Robert William Service | |
Alas! I am only a rhymer,
I don't know the meaning of Art;
But I learned in my little school primer
To love Eugene Field and Bret Harte.
I hailed Hoosier Ryley with pleasure,
To John Hay I took off my hat;
These fellows were right to my measure,
And I've never gone higher than that.
The Classics! Well, most of them bore me,
The Moderns I don't understand;
But I keep Burns, my kinsman before me,
And Kipling, my friend, is at hand.
They taught me my trade as I know it,
Yet though at their feet I have sat,
For God-sake don't call me a poet,
For I've never been guilty of that.
A rhyme-rustler, rugged and shameless,
A Bab Balladeer on the loose;
Of saccarine sonnets I'm blameless,
My model has been - Mother Goose.
And I fancy my grave-digger griping
As he gives my last lodging a pat:
"This guy wrote McGrew;
'Twas the best he could do" .
So I'll go to my maker with that.
Robert William Service | |
I like to think that when I fall,
A rain-drop in Death's shoreless sea,
This shelf of books along the wall,
Beside my bed, will mourn for me.
Aye, my taste is queer.
Some of my bards you may disdain.
Shakespeare and Milton are not here;
Shelly and Keats you seek in vain.
Wordsworth, Tennyson, Browning too,
Remarkably are not in view.
Who are they? Omar first you see,
With Vine and Rose and Nightingale,
Voicing my pet philosphy
Of Wine and Song.
Then Reading Gaol,
Where Fate a gruesome pattern makes,
And dawn-light shudders as it wakes.
The Ancient Mariner is next,
With eerie and terrific text;
The Burns, with pawky human touch -
Poor devil! I have loved him much.
And now a gay quartette behold:
Bret Harte and Eugene Field are here;
And Henly, chanting brave and bold,
And Chesteron, in praise of Beer.
Lastly come valiant Singers three;
To whom this strident Day belongs:
Kipling, to whom I bow the knee,
Masefield, with rugged sailor songs.
And to my lyric troupe I add
With greatful heart - The Shropshire Lad.
Behold my minstrels, just eleven.
For half my life I've loved them well.
And though I have no hope of Heaven,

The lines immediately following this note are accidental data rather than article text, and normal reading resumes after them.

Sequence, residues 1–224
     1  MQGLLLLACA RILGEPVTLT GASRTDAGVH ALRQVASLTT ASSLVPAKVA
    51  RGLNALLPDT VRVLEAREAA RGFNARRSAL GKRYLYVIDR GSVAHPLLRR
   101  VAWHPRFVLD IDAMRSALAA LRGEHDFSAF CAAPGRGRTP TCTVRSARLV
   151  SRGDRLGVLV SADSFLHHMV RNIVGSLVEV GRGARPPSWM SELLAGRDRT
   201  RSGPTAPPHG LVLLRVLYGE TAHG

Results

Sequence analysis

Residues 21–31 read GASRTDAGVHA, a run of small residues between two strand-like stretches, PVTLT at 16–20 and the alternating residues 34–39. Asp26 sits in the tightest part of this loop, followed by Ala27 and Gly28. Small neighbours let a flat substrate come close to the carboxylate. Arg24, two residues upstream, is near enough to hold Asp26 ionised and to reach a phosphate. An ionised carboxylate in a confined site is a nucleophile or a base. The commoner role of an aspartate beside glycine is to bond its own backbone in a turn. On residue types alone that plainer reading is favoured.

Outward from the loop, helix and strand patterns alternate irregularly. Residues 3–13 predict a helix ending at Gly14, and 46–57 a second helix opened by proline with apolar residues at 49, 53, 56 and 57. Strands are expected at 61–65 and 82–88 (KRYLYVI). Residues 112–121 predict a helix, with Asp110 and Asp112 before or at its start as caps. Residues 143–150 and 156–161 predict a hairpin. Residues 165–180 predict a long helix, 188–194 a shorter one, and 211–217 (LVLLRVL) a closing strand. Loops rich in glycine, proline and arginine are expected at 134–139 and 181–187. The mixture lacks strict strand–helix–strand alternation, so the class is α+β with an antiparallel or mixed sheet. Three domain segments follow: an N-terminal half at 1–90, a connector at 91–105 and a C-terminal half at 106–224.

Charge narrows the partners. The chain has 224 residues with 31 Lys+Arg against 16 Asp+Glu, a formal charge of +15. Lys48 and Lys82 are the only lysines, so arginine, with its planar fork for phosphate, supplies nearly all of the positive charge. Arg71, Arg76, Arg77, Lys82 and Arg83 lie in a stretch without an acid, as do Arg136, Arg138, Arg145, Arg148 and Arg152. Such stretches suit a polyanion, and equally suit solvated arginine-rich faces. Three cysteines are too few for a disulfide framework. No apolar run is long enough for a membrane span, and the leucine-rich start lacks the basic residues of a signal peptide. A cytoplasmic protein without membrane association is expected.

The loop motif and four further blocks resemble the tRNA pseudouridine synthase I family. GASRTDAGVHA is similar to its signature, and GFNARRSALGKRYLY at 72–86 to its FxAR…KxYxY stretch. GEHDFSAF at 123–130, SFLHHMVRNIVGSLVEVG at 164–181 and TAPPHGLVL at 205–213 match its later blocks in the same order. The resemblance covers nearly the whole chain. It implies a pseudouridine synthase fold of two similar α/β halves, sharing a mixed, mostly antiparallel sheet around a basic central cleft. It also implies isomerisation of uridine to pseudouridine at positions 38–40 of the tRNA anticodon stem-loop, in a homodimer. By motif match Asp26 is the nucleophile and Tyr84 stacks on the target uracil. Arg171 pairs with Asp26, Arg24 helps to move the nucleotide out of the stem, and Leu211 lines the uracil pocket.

And more than Highland fear of Hell,
May I be damned if on this shelf
ye find a rhyme I made myself.
Bret Harte | |
O JOY of creation,
O rapture, to fly
And be free!
Be the battle lost or won,
Though its smoke shall hide the sun,
I shall find my love--the one
Born for me!
I shall know him where he stands
With the power in his hands
I shall know him by his face,
By his godlike front and grace;
I shall hold him for a space
All my own!
It is he--O my love!
It is I--all thy love
It is I--O love, what bliss!
Dost thou answer to my kiss?
O sweetheart! what is this
Lieth there so cold?
More great poems below...
Henry Lawson | |
While you use your best endeavour to immortalise in verse
The gambling and the drink which are your country's greatest curse,
While you glorify the bully and take the spieler's part --
You're a clever southern writer, scarce inferior to Bret Harte.
If you sing of waving grasses when the plains are dry as bricks,
And discover shining rivers where there's only mud and sticks;
If you picture `mighty forests' where the mulga spoils the view --
You're superior to Kendall, and ahead of Gordon too.
If you swear there's not a country like the land that gave you birth,
And its sons are just the noblest and most glorious chaps on earth;
If in every girl a Venus your poetic eye discerns,
You are gracefully referred to as the `young Australian Burns'.
But if you should find that bushmen -- spite of all the poets say --
Are just common brother-sinners, and you're quite as good as they --
You're a drunkard, and a liar, and a cynic, and a sneak,
Your grammar's simply awful and your intellect is weak.